United States v. Gawron, No. 18-2608 (7th Cir. 2019)

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Justia Opinion Summary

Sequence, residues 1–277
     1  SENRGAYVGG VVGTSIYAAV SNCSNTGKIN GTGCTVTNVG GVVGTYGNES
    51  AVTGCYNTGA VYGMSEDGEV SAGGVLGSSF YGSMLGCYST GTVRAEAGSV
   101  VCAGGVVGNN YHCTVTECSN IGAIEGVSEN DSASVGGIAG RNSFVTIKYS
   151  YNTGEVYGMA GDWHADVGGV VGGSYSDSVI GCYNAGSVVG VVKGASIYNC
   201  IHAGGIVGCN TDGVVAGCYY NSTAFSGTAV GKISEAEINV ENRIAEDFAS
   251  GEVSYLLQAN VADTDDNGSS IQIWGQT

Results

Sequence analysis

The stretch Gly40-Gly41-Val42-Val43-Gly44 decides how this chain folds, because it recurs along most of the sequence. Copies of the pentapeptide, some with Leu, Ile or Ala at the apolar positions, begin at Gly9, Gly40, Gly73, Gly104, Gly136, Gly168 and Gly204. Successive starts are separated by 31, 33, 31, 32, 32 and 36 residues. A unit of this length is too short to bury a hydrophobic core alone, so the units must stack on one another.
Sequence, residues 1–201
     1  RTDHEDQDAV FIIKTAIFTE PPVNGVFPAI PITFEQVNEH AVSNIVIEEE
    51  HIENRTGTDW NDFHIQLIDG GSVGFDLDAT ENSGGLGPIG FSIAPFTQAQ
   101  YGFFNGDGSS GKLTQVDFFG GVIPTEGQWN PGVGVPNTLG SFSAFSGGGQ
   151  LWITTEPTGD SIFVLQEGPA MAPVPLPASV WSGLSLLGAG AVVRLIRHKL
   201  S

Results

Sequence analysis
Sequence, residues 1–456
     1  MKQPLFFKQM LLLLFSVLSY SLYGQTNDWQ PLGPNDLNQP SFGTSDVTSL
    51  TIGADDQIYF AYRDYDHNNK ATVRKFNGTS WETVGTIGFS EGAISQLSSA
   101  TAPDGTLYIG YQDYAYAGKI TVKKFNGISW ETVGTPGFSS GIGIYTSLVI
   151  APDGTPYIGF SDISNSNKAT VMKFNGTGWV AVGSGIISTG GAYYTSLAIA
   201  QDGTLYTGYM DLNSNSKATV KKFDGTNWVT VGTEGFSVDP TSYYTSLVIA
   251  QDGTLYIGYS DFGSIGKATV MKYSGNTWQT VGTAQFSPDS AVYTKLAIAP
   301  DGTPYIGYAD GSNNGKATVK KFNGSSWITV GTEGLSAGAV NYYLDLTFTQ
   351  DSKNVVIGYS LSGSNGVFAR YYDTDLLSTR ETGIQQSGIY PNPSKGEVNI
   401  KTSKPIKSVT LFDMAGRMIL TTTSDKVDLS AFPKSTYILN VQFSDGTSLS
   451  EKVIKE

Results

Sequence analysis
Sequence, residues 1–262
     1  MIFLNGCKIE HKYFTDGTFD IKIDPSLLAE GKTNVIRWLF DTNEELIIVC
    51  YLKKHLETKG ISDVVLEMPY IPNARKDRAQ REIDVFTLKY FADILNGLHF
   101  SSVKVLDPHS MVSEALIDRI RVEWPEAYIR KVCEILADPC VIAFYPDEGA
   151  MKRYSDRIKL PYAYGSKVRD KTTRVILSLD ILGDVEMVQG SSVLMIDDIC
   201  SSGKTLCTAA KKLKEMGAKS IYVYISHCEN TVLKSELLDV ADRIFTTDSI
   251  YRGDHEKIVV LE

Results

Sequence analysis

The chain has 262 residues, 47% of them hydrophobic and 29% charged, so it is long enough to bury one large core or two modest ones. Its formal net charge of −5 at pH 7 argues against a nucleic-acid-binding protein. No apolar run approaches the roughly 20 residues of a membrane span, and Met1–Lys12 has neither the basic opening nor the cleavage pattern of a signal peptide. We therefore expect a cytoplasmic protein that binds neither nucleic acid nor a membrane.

Gawron, a Polish citizen who has lived in the U.S. for 17 years, and her husband, Motyka, were involved in an elaborate credit card fraud scheme. Gawron pleaded guilty to wire fraud, 18 U.S.C. 1343. The presentence investigation report noted that the court “ordinarily” should not impose supervision on a defendant who would likely be removed from the country after her release from prison, U.S.S.G. 5D1.1(c) but recommended a discretionary condition prohibiting Gawron from leaving the “jurisdiction” where she is being supervised without permission. Gawron objected to other conditions of supervised release, but did not argue that supervised release should be skipped because of her likely removal, nor did she contest the condition restricting her movement. Gawron’s counsel stated that immigration proceedings had started and that her deportation was likely. The court imposed a below-Guidelines prison sentence of 12 months and one day, with two years of supervision. The court granted Gawron’s request to delay reporting to prison until Motyka’s release, for the sake of their children. In the meantime, Gawron would be subject to the conditions of her pretrial supervision. The Seventh Circuit affirmed, rejecting a challenge to the imposition of any term of supervised release because she is likely to be deported after her imprisonment. Her argument that the condition confining her to the district where she is being supervised is flawed for containing no scienter requirement would have warranted relief if she had properly preserved it.